How to Synergize Different Institutional Logics of Firms in Cross-border Acquisitions: A Matching Theory Perspective.

VerfasserCheng, Cong

1 Introduction

Cross-border acquisition often requires firms to adjust their dominant institutional logic to address the institutional discrepancies between the acquirer or the acquiree. But how to synergize different institutional logics of firms in cross-border acquisitions presents a critical challenge for acquirers especially those from developing countries conducting acquisition in developed countries. Institutional logic refers to "the socially constructed, historical patterns of material practices, assumptions, values, beliefs, and rules by which individuals produce and reproduce their material subsistence, organize time and space, and provide meaning to their social reality" (Thornton & Ocasio, 1999: 804). Cross-border acquisitions undertaken by firms from developing economies have become a significant power in global markets. Nevertheless, the road to cross-border acquisitions for most firms from developing economies with little experience in the global markets is fraught with challenges. Hurdles such as the imbalanced developments of global economies, diversification of international markets, and unique social, institutional, and cultural environments pose serious challenges to these firms from developing economies and force them into "crossing the river by feeling the stones" (Chen, 1986: 279). Considering that the dominant institutional logic behind these acquiring strategies is to seek valuable assets such as advanced technology (Luo & Tung, 2007, 2018; Rui & Yip, 2008), marketing competence (including brand and channel) (Rui & Yip, 2008), and R&D resources (Cheng & Yang, 2017; Deng, 2009, 2012), this situation is even more formidable when firms from developing economies intend to acquire firms in developed countries where the competitive landscape is challenging. Thus, according to Chung et al., (2016), we refer to the acquisitions made by developing country acquirers in developed markets as bottom-up cross-border acquisitions). In contrast to top-down acquisitions initiated by established multinational corporations (MNCs), firms from developing economies typically face a significant gap in resource base and capabilities with established MNCs from developed economies (Madhok & Keyhani, 2012). The tortuous process of Geely's acquisition of Volvo to obtain a world-class auto brand and the unfavorable attitudes of the western public media when Lenovo acquired IBM's personal computing division to obtain advanced personal computer technologies are prime examples (Rabbiosi et al., 2012). Drawing upon the institutional logic perspective, we argue that, after setting aside the preconditions of resources and capabilities, the incompatibility of different institutional logics is the main reason behind the failure of cross-border acquisitions by firms from developing economies. For example, the dominant institutional logic of seeking strategic assets among firms from developing economies always contradicts the institutional logic, such as commercial logic, in developed markets (Pache & Santos, 2013).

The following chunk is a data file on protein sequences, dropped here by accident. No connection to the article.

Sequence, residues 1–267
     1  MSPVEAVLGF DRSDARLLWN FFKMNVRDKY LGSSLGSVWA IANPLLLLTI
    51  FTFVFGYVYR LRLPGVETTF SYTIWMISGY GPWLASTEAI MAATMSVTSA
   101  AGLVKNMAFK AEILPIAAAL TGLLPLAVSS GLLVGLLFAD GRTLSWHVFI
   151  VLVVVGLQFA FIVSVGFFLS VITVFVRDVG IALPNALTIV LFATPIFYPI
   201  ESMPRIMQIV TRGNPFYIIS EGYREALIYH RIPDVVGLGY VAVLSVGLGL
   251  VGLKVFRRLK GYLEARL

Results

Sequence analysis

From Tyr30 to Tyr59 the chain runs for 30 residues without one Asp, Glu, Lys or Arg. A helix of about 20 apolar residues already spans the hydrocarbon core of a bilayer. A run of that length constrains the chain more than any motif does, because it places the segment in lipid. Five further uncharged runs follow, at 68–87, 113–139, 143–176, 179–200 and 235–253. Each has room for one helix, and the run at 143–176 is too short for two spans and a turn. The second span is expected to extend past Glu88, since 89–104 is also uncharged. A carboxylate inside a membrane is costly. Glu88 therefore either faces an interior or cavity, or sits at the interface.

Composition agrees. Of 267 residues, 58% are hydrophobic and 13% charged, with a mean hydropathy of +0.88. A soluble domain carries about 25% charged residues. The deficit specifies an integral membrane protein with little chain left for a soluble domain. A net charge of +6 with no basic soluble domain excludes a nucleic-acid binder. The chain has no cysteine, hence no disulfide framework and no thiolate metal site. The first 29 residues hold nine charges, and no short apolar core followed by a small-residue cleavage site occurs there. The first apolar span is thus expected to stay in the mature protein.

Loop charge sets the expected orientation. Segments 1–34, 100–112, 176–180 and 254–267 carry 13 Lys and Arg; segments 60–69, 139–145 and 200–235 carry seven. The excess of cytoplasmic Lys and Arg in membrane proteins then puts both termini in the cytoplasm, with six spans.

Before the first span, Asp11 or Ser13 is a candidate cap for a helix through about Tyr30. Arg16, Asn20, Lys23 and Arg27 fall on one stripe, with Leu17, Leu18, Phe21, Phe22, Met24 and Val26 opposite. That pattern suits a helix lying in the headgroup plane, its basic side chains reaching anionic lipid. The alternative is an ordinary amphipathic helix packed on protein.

Recent literature has given considerable attention to how firms deal with external environmental challenges caused by different sociocultural markets (Battilana et al., 2015; Ramus et al., 2017). In general, firms are more likely to face turbulent environments in international markets, where environmental turbulence can lead to uncertainty of opportunities, including unstable relationships between members (Reay & Hinings, 2009), unrealistic goals (Sine et al., 2006), mismatched resource allocation (Almandoz, 2012), and threats (Davis et al., 2009), but also disrupt the balance between different logics within an organization, which creates potential opportunities for the institutional logic in the marginal position to challenge the dominant institutional logic (Almandoz, 2012; Smith et al., 2017). Therefore, the most efficient way for firms to respond to environmental turbulence is to adjust their internal institutional logic, such as rebuilding organizational benefit, value, and following practical guides to fit the external institutional standard (Mtar, 2010; Thornton et al., 2012). However, it is not always easy for firms to change their dominant institutional logic, which hinders a firm from attaining its acceptable goals (Pache & Santos, 2013; York et al., 2018), defining its organizational boundaries (Battilana & Dorado, 2010), and guiding the firm's strategy implementation (Battilana et al., 2015). As a result, firms must balance their existing institutional logic and external environmental requirements and adopt the coexisting institutional logics. However, the coexistence of institutional logics often goes hand-in-hand with institutional complexity. Prior research has attested that institutional complexity is always triggered by the coexistence of divergent institutional logics in a firm (Besharov & Smith, 2014; Greenwood et al., 2011), and that it is common for multiple institutional logics to coexist (Henrich et al., 2017). In some cases, the competition among institutional logics in a firm is helpful for organizational restructuring, resource utilization, and competitiveness improvement (Dunn & Jones, 2010; Misangyi et al., 2008; Reay & Hinings, 2009). Nevertheless, in some other cases, such competition may result in resource depletion and organizational dysfunction that is inconsistent with the firm's original goals. This complexity raises an important question for academics and practitioners, i.e., is there an alternative approach to help firms synergize their dominant institutional logics? In particular, in the cross-border acquisition context, acquirers and merged parties often follow different or even conflicting dominant institutional logics, while firms from developing economies are often at a disadvantage in doing so (Mondal et al., 2021). The cross-cultural and cross-border contexts of dynamic international operating environment may further amplify such challenges for both the acquirer and acquiree (Sarala & Vaara, 2010).